On the whole, we don’t do well with solving certain types of problem. Very often the information that we don’t have—and don’t know we are missing—is overwhelmingly more important that what we think we know. Join Peter as he shines a light on our blind spots.
Rules permeate our existence. We accept them and adhere to them, even while we don’t necessarily acknowledge and recognize where they come from. Exploring where they come from and how to manage them is a fundamental skill.
A surprising influence in how we make decisions is the rules that exist in our environment. Some of those we are aware of, others are implicit and a few are unconscious. But they all play a role in directing us to the decisions that we need to make, and how we make them.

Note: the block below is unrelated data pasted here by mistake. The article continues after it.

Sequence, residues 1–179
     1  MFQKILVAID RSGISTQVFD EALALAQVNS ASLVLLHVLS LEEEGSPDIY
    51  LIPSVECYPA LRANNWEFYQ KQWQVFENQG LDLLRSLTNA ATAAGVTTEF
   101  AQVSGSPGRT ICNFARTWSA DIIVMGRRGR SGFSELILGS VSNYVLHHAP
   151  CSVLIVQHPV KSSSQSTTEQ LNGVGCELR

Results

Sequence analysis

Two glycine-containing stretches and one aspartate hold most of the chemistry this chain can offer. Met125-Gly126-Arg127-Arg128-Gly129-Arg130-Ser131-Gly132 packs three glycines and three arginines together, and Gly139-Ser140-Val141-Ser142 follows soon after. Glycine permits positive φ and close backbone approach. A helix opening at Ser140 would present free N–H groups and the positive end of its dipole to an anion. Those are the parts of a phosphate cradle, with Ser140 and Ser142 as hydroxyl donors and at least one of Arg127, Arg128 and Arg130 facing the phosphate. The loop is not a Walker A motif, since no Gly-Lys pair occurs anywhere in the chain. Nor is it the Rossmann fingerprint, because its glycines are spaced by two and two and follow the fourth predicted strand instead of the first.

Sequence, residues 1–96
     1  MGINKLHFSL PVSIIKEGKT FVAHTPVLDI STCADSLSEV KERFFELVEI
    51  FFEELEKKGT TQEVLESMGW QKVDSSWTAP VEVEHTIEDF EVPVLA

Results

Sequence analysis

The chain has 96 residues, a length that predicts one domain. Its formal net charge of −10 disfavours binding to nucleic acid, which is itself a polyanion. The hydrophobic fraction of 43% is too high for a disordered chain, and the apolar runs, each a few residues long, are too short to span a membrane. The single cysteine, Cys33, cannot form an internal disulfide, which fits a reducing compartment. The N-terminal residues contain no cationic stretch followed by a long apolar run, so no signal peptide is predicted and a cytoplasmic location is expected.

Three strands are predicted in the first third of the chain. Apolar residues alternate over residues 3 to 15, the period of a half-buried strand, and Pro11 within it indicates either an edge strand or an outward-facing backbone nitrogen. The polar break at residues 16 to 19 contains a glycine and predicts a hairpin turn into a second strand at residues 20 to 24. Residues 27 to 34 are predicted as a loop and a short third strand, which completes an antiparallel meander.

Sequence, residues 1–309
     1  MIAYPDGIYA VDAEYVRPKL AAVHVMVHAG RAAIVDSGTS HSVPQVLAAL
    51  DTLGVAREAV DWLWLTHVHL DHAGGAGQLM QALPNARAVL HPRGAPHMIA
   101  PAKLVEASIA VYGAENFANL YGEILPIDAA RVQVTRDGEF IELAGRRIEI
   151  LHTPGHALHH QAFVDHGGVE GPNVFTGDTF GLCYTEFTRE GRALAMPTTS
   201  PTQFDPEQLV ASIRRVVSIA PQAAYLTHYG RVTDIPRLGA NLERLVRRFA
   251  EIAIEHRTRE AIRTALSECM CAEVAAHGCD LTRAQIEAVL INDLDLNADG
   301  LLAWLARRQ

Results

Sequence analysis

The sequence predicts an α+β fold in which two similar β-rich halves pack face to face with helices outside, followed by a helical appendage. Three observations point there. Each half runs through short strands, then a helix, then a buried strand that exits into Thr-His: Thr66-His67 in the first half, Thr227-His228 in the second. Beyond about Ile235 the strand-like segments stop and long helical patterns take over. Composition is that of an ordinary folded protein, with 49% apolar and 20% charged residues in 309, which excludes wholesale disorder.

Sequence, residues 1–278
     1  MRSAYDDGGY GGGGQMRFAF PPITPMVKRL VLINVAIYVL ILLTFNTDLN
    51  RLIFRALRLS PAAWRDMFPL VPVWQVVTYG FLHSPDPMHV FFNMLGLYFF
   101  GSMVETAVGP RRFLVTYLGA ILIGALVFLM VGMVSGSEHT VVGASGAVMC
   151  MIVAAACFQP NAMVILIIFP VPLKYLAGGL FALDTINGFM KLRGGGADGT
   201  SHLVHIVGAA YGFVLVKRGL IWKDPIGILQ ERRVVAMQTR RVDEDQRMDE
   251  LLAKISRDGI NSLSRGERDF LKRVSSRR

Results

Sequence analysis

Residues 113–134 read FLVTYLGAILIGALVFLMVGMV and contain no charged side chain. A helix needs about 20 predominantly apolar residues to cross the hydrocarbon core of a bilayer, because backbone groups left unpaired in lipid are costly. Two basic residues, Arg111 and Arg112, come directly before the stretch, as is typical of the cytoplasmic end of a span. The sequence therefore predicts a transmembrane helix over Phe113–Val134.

Many of the tools of decision making assume a rational and logical world. In this world, however, we need to engage with decisions making realities that are irrational, political and subject to a variety of influences.
We all have biases in how we make decisions. Those biases are hard wired, universal and far more common than many of us would like to think. One foundational theory of decision underlines much of what we know about how we really make choices.
We like to think we are rational. The reality is we are often far from it, and nowhere is this more true than when we make decisions. Knowing our biases and influences can go some of the way to being able to manage them and make better choices.